In a specific application of the invention, the process of supporting the helix comprises the steps of winding a wire conductor on a temporary support ina manner to provide to a high degree of accuracy the :helical configuration desired, placing masks along the length of the helix for covering the portion thereof not to be supported in the glass, enclosing the assembly in a close' fitting glass envelope, evacuating the envelope to create a pressure differential between the inside and outside thereof, heating this assembly until the pressure differential forces the softened glass around the exposed portions of the helix in a locking position and finally removing the support and mask without disturbing the envelope or helix. In this manner there is provided a helix which is rigidly supported along its length at various points around its circumference by a glass envelope.

The invention will be better understood by reference to the following more detailed description taken in connection with the accompanying drawings which form a part thereof and in which:

Figs. 1A through 1B show various steps in an exemplary application of the invention, of which Fig. 1A shows, in perspective, an assembly comprising a helix 2,706,366 Patented Apr. 19, 1955 "ice wound on a core support and masking details, Fig. 1B

fitting glass envelope, Fig. 1C shows this assembly in cross section after portions of the glass envelope have been locked around portions of the helix, Fig. 1D illustrates a cross section of the resultant after removal of the core support and masking details and Fig. IE is a longitudinal section which illustrates the locking of the coil by the glass.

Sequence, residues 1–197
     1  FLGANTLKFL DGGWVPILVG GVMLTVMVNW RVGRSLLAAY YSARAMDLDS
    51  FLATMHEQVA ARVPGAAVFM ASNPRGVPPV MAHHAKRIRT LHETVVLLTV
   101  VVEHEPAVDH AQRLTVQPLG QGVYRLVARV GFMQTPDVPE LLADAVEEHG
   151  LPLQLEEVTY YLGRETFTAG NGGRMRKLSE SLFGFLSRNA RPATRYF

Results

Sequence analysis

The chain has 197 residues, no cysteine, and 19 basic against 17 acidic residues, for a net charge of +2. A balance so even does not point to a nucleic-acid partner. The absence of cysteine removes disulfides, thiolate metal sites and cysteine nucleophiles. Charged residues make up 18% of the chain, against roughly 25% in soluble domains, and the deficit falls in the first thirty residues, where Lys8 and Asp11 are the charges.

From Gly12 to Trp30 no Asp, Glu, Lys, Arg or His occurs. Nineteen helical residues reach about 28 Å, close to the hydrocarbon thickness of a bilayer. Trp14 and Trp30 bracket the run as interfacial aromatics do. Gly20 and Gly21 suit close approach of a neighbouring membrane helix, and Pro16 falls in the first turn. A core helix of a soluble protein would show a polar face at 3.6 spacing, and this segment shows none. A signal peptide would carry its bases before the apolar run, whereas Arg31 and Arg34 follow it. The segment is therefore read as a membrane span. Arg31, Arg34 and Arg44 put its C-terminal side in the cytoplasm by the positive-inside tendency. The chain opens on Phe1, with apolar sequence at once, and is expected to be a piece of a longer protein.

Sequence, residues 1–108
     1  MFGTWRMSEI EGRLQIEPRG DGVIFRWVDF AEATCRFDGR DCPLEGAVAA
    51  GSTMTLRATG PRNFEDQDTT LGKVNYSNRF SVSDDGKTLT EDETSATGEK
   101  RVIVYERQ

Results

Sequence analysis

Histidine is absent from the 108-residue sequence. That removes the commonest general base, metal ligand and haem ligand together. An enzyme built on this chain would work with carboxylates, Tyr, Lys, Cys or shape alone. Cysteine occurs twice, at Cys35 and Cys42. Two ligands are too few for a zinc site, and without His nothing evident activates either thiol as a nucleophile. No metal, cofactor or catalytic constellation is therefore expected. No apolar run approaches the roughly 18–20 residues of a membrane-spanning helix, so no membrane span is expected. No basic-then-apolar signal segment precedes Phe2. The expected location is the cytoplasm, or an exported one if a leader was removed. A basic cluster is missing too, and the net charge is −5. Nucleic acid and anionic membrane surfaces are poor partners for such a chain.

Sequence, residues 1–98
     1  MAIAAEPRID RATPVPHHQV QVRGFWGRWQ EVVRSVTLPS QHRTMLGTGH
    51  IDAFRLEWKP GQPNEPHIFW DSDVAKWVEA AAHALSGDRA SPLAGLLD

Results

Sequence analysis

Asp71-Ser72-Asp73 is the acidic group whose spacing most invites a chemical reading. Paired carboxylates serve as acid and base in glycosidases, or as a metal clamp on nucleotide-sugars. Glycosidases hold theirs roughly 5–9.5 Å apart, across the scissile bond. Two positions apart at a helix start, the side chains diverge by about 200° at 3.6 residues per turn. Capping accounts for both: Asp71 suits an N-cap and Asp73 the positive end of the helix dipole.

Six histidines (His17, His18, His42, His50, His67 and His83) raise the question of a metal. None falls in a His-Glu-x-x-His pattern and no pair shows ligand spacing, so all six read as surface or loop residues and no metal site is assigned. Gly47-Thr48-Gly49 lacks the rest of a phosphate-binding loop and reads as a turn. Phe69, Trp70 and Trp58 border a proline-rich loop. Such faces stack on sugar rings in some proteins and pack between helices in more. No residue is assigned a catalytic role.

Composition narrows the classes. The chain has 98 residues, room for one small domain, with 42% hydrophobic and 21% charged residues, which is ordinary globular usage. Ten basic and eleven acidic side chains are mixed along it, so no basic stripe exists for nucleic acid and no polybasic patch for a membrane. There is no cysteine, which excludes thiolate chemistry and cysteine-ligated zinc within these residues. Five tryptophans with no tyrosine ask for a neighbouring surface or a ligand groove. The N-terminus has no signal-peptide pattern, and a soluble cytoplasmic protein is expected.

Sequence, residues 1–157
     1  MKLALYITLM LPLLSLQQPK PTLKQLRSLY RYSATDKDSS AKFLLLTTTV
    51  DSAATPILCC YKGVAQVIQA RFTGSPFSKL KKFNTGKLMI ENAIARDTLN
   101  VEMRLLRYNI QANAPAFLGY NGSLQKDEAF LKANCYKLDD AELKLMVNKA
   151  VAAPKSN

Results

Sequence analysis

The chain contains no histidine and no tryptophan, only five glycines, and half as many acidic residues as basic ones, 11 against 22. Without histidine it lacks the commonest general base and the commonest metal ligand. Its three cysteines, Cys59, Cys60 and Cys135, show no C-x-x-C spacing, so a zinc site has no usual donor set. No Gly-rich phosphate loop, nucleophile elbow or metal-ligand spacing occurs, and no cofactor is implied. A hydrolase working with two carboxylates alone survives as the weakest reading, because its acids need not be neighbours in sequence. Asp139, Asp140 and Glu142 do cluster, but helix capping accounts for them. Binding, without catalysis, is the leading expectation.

Figs. 2A through 2D illustrate in the manner of Figs. 1A through 1D, respectively, the process of the invention, applied to another form of supporting structure;

Figs. 3A through 3D illustrate the manufacture of a helix which is supported completely around its circumference, of which Fig. 3A shows a radial cross section of an assembly comprising a wire coil wound on a tubular support enclosed in a tightly fitting envelope and Figs. 38 through 3D show longitudinal cross sections of this assembly in subsequent stages of the process.

Fig. 4 diagrammatically illustrates the intermediate step in the process illustrated in Figs. 1A through 1D, 2A through 2D, and 3A through 3D, of creating a pres sure differential between the inside and outside of the envelope and applying heat to soften it.